In a widely-trailed CBS ’60 minutes’ interview, the A.I-pioneer-cum-venture-capitalist Kai-Fu Lee makes the sorts of heady predictions about job replacement/displacement that the media like to lap up. The automative imagination of ‘automation as progress’ in full swagger…
We should perhaps see this in the context of, amongst other things, geopolitical machinations (i.e. China-USA) around trade and intellectual property; a recently published book; a wider trend for claims about robotic process automation (especially in relation to ‘offshoring‘); and a large investment fund predicated upon ‘disruption’.
I came across the most recent film by Keichii Matsuda which concerns a possible future of work, with the protagonist embedded in an (aesthetically Microsoft-style) augmented reality of screen-surfaces, and in which the narrative denouement is a sort of trans-human ‘uploading’ moment.
I like Matsuda’s work. i think he skilfully and playfully provokes particular sorts of conversations, mostly about what we used to call ‘immersion’ and the nature of mediation. This has, predictably happened in terms of human vs. AI vs. eschatology (etc etc.) sorts of narratives in various outlets (e.g. the Verge). The first time I encountered his work was at a Passenger Films event at which Rob Kitchin talked about theorisations of mediation in relation to both Matsuda’s work and the (original) Disney film ‘Tron‘.
What is perhaps (briefly) interesting here are two things:
The narrative is a provocative short story that asks us to reflect upon how our world of work and technological development get us from now (the status quo) to an apparent future state of affairs, which carries with it certain kinds of ethical, normative and political contentions. So, this is a story that piggybacks the growing narrative of ‘post-work’ or widespread automation of work by apparently ‘inhuman’ technologies (i.e. A.I) that provokes debate about the roles of ‘technology’ and ‘work’ and what it means to be ‘human’. Interestingly, this (arguably) places “Merger” in the genre of ‘fantasy’ rather than ‘science fiction’ – it is, after all, an eschatological story (I don’t see this final point as a negative). I suppose it could also be seen as a fictional suicide note but I’d rather not dwell on that…
The depiction of the interface and the interaction with the technology-world of the protagonist– and indeed the depiction of these within a 360-degree video –are as important as the story to what the video is signifying. By which I mean – like the videos I called ‘vision videos’ back in 2009/10 (and (in some cases) might be called ‘design fiction’ or ‘diagetic prototypes’) – this video is also trying to show you and perhaps sell you the idea of a technology (Matsuda recently worked for Leap Motion). As I and others have argued – the more familiar audiences are with prospective/speculative technologies the more likely we are (perhaps) to sympathise with their funding/ production/ marketing and ultimately to adopt them.
Sophia is not the first show robot to attain celebrity status. Yet accusations of hype and deception have proliferated about the misrepresentation of AI to public and policymakers alike. In an AI-hungry world where decisions about the application of the technologies will impact significantly on our lives, Sophia’s creators may have crossed a line. What might the negative consequences be? To get answers, we need to place Sophia in the context of earlier show robots.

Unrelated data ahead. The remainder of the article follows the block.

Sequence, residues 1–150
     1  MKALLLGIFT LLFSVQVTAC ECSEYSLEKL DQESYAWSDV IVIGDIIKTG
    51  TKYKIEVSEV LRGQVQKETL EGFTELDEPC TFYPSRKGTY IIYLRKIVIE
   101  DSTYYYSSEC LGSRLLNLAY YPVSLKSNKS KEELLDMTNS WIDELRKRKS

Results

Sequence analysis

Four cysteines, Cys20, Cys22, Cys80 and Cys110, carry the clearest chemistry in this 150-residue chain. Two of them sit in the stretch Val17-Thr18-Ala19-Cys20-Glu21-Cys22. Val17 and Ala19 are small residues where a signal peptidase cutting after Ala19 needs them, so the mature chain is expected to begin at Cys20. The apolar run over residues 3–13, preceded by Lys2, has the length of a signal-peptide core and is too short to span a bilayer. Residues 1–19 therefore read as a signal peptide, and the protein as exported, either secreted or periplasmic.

The tradition extends back to the automata precursors of robots in antiquity. Moving statues were used in the temples of ancient Egypt and Greece to create the illusion of a manifestation of the gods. Hidden puppeteers pulled ropes and spoke with powerful booming voices emitted from hidden tubes. This is not so different from how show robots like Sophia operate today to create the illusion of a manifestation of AI.
For me, the biggest problem with the hype surrounding Sophia is that we have entered a critical moment in the history of AI where informed decisions need to be made. AI is sweeping through the business world and being delegated decisions that impact significantly on peoples lives from mortgage and loan applications to job interviews, to prison sentences and bail guidance, to transport and delivery services to medicine and care.
It is vitally important that our governments and policymakers are strongly grounded in the reality of AI at this time and are not misled by hype, speculation, and fantasy. It is not clear how much the Hanson Robotics team are aware of the dangers that they are creating by appearing on international platforms with government ministers and policymakers in the audience.
I recently saw the Chemical Brothers new-ish video for the song “Free Yourself”, featuring androids/robots apparently going feral and raving in a warehouse and it made me consciously think about something I’ve known for some time – there are quite a few music videos with ‘robots’ in them.
I’ve had about six months of reading various versions of speculative/science fiction after not having read in that genre for a little while… so here’s a selection of books I’ve read (almost exclusively on an ereader) that have more-or-less been selected following the ‘people who read [a] also read [b]’ lists.
I’m not sure these books necessarily offer any novel insights but they do respond to the current milieu of imagining automation (AI, big data, platform-ing, robots, surveillance capitalism etc etc) and in that sense are a sort of very partial (and weird) guide to that imagination and the sorts of visions being promulgated.